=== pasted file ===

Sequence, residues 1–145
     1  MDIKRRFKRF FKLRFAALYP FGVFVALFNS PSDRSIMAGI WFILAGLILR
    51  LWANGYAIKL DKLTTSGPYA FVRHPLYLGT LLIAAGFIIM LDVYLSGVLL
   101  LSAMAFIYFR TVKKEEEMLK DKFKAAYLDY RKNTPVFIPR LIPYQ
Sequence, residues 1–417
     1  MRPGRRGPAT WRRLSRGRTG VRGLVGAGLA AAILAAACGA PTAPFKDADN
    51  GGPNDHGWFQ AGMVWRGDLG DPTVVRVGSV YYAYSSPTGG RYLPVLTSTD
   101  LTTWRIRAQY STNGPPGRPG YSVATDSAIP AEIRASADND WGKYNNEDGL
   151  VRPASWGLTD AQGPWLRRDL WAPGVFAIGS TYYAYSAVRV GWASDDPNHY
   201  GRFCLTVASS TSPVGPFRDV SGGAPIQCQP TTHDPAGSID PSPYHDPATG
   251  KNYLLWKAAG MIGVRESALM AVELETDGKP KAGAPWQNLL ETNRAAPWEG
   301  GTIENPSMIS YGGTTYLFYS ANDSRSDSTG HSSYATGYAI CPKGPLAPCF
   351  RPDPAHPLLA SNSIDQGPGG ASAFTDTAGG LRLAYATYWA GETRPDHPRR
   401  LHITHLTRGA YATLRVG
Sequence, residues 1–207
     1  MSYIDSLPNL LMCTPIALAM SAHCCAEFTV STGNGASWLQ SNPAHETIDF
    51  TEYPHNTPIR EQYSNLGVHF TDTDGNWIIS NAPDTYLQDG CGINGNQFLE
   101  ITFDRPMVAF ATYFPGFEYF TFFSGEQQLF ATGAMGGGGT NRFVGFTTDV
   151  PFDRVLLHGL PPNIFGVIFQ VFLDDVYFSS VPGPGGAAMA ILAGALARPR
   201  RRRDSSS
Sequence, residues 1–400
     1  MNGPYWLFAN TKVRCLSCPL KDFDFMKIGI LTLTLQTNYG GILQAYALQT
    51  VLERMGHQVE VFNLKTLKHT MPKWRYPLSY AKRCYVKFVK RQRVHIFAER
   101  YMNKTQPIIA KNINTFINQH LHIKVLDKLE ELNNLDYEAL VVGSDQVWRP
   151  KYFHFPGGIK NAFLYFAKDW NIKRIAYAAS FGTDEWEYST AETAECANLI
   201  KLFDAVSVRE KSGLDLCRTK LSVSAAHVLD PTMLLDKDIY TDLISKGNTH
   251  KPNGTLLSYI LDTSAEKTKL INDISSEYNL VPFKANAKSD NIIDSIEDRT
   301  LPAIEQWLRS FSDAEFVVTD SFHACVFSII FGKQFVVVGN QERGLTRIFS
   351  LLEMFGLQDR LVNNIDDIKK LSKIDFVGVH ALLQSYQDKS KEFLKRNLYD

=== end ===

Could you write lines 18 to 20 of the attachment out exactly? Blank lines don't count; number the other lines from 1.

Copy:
   101  ITFDRPMVAF ATYFPGFEYF TFFSGEQQLF ATGAMGGGGT NRFVGFTTDV
   151  PFDRVLLHGL PPNIFGVIFQ VFLDDVYFSS VPGPGGAAMA ILAGALARPR
   201  RRRDSSS